To calculate this gradient using a network set up in CaiNet, we need to calculate the derivatives of the differential equations \(\partial {\mathbf{F}}/\partial \varphi_{j}\) and the derivatives \(\partial x_{k} /\partial \varphi_{j}\). Since the parameter \(\varphi_{j}\) and the species \(x_{i}\) only occur in a single network element, each network element can return these derivatives independently of other elements in the network.
For a promoter with orlogic, the differential equation is
where \(A_{j}\) is the set of all transcription factors that activate the element \(j\). We now take the derivative of the steady state equation with respect to \(\lambda_{k}\) and obtain
where \(\Delta_{ik}\) is the Kronecker delta. From this equation we can identify the variables that the network element returns to calculate a gradient decent step:
For a complete gradient descent scheme, we first obtain the steady state expression levels by simulating the network with CaiNet until all elements have reached a steady state. Next we use Eq. (37) to calculate the change for all parameters in ϕ based on the derivatives above and the difference between ground truth expression levels and simulated expression levels. Using the new parameters, we again simulate the steady state expression levels. We proceed in this manner until an abortion criterium is met. This abortion is \(W < b\), i.e. that the sum of all differences between ground truth and expression levels of the trained network are smaller than an upper bound \(b\).
Chemical reactions
In the following we derive analytical solutions for the elementary reactions ‘homodimerization’, ‘heterodimerization’ and ‘transformation of a species by an enzyme’. We then use these analytical solutions to couple multiple elementary reactions to obtain more complex biochemical reaction networks.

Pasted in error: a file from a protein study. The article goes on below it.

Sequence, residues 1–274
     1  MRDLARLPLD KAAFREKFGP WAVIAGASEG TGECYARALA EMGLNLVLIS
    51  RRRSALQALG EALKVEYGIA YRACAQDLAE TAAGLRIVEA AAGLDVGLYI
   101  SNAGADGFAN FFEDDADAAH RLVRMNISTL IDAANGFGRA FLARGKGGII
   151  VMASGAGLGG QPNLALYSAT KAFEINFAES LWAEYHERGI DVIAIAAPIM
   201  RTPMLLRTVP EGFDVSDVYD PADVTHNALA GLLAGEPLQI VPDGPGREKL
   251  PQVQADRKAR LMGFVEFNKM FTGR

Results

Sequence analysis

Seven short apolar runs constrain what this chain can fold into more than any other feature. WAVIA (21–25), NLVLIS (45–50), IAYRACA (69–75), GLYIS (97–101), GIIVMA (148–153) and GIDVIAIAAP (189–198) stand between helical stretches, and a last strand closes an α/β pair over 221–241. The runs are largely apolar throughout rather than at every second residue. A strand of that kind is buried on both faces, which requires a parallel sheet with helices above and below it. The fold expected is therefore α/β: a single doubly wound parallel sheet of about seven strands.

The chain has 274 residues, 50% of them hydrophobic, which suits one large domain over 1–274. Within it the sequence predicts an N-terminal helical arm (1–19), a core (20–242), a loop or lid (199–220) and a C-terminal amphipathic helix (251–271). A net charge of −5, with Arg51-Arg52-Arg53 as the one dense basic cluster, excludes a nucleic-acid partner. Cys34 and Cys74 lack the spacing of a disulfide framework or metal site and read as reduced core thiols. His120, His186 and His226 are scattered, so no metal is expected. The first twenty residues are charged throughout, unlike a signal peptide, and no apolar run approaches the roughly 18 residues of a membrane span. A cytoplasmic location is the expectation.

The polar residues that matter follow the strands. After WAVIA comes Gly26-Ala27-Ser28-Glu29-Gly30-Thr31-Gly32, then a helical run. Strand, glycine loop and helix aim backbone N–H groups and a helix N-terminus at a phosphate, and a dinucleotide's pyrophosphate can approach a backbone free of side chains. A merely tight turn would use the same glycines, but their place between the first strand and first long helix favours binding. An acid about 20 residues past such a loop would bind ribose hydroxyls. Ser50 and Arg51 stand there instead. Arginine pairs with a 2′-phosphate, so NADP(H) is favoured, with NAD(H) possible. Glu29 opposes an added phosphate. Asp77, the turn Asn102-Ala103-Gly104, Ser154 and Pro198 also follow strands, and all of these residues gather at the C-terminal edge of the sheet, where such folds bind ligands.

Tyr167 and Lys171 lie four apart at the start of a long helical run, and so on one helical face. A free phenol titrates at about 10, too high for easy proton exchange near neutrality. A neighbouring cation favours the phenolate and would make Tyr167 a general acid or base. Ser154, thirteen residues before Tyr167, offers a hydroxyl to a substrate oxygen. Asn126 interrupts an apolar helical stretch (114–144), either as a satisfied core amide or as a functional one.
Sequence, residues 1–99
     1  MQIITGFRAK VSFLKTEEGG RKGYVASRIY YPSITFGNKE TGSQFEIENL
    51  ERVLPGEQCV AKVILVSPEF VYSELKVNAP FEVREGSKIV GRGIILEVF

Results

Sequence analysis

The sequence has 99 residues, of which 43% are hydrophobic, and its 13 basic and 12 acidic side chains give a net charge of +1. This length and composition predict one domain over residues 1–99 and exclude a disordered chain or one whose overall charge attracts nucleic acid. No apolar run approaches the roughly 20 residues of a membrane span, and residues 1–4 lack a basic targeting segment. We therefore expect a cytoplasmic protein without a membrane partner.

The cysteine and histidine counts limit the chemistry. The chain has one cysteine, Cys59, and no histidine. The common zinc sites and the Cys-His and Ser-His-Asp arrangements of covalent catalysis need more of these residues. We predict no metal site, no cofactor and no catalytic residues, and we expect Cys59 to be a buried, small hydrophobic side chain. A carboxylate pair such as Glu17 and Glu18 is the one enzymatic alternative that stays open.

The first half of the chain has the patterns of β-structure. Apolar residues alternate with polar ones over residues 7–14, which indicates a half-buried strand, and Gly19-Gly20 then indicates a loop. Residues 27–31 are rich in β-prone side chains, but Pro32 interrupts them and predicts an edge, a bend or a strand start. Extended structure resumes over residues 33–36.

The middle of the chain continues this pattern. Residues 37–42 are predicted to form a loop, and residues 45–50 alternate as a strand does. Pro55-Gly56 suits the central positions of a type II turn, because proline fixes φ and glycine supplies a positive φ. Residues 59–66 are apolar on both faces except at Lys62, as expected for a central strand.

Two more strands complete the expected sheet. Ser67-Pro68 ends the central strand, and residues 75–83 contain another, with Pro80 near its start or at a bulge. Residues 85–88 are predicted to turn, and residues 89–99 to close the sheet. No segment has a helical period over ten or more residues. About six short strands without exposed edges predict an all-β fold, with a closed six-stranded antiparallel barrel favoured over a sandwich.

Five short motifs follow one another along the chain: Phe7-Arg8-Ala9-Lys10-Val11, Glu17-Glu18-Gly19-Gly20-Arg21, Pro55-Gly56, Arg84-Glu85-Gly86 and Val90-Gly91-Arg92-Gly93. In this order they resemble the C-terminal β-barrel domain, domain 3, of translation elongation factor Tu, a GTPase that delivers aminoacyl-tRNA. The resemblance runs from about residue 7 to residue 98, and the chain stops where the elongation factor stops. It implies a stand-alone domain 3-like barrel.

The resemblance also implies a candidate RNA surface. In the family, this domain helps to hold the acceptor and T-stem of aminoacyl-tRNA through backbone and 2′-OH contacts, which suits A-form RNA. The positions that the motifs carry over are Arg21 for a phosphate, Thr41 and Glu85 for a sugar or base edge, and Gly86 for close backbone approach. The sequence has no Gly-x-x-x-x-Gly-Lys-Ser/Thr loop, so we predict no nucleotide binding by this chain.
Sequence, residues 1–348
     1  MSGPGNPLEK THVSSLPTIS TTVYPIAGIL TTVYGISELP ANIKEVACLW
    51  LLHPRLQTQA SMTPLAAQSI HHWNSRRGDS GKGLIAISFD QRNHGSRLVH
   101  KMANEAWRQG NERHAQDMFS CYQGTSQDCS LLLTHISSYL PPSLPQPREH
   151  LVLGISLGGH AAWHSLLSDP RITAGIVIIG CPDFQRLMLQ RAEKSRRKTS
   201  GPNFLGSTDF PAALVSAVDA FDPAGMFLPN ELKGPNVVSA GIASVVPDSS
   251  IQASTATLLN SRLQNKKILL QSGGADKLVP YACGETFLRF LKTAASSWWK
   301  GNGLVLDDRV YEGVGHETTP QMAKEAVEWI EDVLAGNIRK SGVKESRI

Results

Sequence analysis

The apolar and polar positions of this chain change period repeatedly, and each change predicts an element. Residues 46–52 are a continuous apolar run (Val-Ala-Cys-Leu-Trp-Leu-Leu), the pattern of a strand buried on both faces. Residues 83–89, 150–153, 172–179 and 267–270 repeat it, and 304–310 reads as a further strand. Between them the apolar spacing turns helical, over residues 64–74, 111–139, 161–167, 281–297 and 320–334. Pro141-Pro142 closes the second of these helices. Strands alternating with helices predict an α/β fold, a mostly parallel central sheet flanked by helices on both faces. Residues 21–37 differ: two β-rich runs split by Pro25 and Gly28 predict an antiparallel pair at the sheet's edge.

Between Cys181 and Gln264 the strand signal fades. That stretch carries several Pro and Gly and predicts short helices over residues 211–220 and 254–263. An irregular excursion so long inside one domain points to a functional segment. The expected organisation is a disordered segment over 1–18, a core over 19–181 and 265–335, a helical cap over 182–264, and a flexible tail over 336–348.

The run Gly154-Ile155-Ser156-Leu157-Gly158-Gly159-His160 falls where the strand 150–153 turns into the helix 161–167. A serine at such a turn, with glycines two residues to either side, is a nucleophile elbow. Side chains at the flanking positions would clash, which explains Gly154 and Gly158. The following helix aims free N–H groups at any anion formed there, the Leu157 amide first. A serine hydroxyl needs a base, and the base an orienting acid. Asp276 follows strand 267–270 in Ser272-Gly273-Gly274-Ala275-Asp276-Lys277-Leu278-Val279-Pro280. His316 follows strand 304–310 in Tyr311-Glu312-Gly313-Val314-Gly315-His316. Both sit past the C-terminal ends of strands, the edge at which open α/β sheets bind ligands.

Heterodimerization
We start with the heterodimerization of the two species \(n_{1}\) and \(n_{2}\) that forms the species \(f\). For a closed system of these three species the change in \(f\) over time is
where \(\lambda\) is the association rate of the two dimerizing species and \(\mu\) is the dissociation rate of the dimer. The rates \(\delta_{1}\) and \(\delta_{2}\) correspond to the degradation of the monomers \(n_{1}\) and \(n_{2}\) respectively. The law of mass conservation yields equations for the species \(n_{1} ,n_{2}\)
Plugging in the law of conservation we obtain
To account for coupling to other elementary systems, we introduce the flow \(j_{in}\) that represents flux of the species \(f\) from other elements into the element at hand. The new differential equation for \(f\) is
Next, we solve this equation for \(f(t)\) for an initial value of \(f_{0}\). We start by calculating the fixed points (defined by \(\dot{f} = 0\)) of \(f\). The corresponding quadratic equation yields the fixed points \(f_{1} ,f_{2}\)
where \(K = \lambda \cdot \left( {\mu + \delta_{1} + \delta_{2} } \right)^{  1}\). Using these fixed points, we can rewrite Eq. (44) as
Integration of this ODE yields
Since the reaction consumes the species \(n_{1} ,n_{2}\), we need to calculate the flux of the respective elements into the species \(f\). This flux is calculated by
During each synchronization timestep, these fluxes are reported to the network element representing the corresponding species.
Homodimerization
The differential equations for a homodimerization are
where \(\lambda\) is the association rate of the two dimerizing monomers and \(\mu\) is the dissociation rate of the dimer. The rate \(\delta_{1}\) corresponds to the degradation of the monomers \(N\). The shape of this equation is similar to the heterodimer case. Thus, by setting
we can reuse our solution (47) to calculate the number of dimers and (48) to calculate the flux out of the monomer into the homodimer. During each synchronization timestep, this flux is reported to the monomer element.
Enzyme kinetics
In case of a dimerization with an enzyme, the substrate can be subject to a reaction catalysed by the enzyme. Here, the species \(m\) is produced.
where \(\lambda\) is the association rate of substrate to enzyme and \(\mu\) is the dissociation rate of the substrateenzyme complex. The rates \(\delta_{1}\), \(\delta_{2}\) and \(\delta_{3}\) correspond to the degradation of the substrate \(n_{1}\), degradation of the enzyme \(n_{2}\) and degradation of the product respectively. The rate \(\nu\) is the transformation rate of substrate to product. The shape of this equation is similar to the heterodimer case. Thus, by setting